American Rescue Plan Act of 2021 Information Page

New updates  to this page are highlighted. Last Update: June 17, 2021

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                                                                                                              governors recovery group

U.S. Treasury Guidance and Resources on State and Local Fiscal Recovery Funds ("SLFRF") from ARPA (applicable to all municipalities):


GOFERR Guidance and Information Specific to Nonentitlement Units of Government ("NEUs")

Except for the 5 "metropolitan cities" in NH (Nashua, Manchester, Dover, Rochester & Portsmouth) all municipalities are NEUs under ARPA/Treasury guidance.

Visit the GOFERR website.


US Treasury Guidance Specific to "NEUs"

The above FAQ is a live document link that is updated regularly. We recommended checking back regularly or bookmarking the link for easy access.


 NLC Fact Sheets & Tools


Other Resources Relative to Treasury's Guidance:

  • GFOA Webinar: What you need to know about the American Rescue Plan Act
  • GFOA Revenue Loss Calculator
  • GFOA SLFRF Use FAQs
  • NHMA's Acceptance of SLFRF $ Guidance
    • Note: HB 2, the NH state budget trailer bill, now includes an amendment that would allow all towns and village districts to use RSA 31:95-b to accept ARPA funds, regardless of whether the town/district has previously adopted RSA 31:95-b. If the budget is passed with that amendment included, we advise all towns and districts to move forward with acceptance under that statute. 
  • Please note that an online portal (id.ME site) has been created on the U.S. Treasury page for entitlement units of local government (also referred to as "metropolitan communities") to request their direct funds. Only five cities in New Hampshire qualify as entitlement units and should use this portal. All other municipalities are non-entitlement units of local government (NEUs) and do not have to login. Funds for NEUs will be distributed by U.S. Treasury to the State of New Hampshire, and then the state has 30 days (unless there are extenuating circumstances) to redistribute the funds to the NEUs.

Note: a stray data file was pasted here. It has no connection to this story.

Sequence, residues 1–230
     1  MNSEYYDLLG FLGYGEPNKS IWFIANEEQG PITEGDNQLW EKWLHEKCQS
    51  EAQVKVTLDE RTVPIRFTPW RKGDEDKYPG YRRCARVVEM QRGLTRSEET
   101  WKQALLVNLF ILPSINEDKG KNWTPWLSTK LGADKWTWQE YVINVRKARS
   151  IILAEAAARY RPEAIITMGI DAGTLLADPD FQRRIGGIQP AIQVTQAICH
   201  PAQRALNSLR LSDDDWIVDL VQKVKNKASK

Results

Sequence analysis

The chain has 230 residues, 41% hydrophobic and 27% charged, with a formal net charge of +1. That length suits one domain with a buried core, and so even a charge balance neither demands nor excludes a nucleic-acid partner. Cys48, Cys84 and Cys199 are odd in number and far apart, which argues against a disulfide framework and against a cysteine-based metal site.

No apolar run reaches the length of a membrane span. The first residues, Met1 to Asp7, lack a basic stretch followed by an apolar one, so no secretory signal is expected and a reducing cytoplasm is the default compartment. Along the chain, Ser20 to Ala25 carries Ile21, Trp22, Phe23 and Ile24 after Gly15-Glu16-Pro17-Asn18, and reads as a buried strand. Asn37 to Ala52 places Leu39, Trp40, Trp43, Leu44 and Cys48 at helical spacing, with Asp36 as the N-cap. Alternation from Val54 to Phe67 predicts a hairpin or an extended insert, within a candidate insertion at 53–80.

• Do you have implementation questions? Submit them to NLC here.

 NLC Presentations on Treasury Guidance

 NLC ARPA Video

                      Duration:  1:05:20


Have You Taken the Following Steps? 

  1. Ensure the entity has a valid DUNS number. A DUNS number is a unique nine-character number used to identify an organization and is issued by Dun & Bradstreet. The federal government uses the DUNS number to track how federal money is allocated. A DUNS number is required prior to registering with the SAM database, which is outlined below. Registering for a DUNS number is free of charge.

    If an entity does not have a valid DUNS number, please visit https://fedgov.dnb.com/webform/ or call 1-866-705-5711 to begin the registration process.

  2. Ensure the entity has an active SAM registration. SAM is the official government-wide database to register with in order to do business with the U.S. government. All Federal financial assistance recipients must register on SAM.gov and renew their SAM registration annually to maintain an active status to be eligible to receive Federal financial assistance. There is no charge to register or maintain your entity SAM registration.

    If an entity does not have an active SAM registration, please visit, SAM.gov to begin the entity registration or renewal process. Please note that SAM registration can take up to three weeks; delay in registering in SAM could impact timely payment of funds.

    Click here for a quick overview for SAM registration

  3. Gather the entity’s payment information, including:

    • Entity Identification Number (EIN), name, and contact information

    • Name and title of an authorized representative of the entity

    • Financial institution information (e.g., routing and account number, financial institution name and contact information)

Eligible Non-entitlement Units of Local Government will receive a distribution of funds from their respective state government. “Non-entitlement units of local government” are defined in 42 U.S.C. 5302(a)(5) that are not metropolitan cities. For these Non-entitlement units of local government, Treasury will allocate and pay funds to state governments, and the state will distribute funds to non-entitlement units of local government in proportion to population. Non-entitlement units must have a valid DUNS number to meet reporting the requirements under the program. If an entity does not have a valid DUNS number, please visit https://fedgov.dnb.com/webform/ or call 1-866-705-5711 to begin the registration process.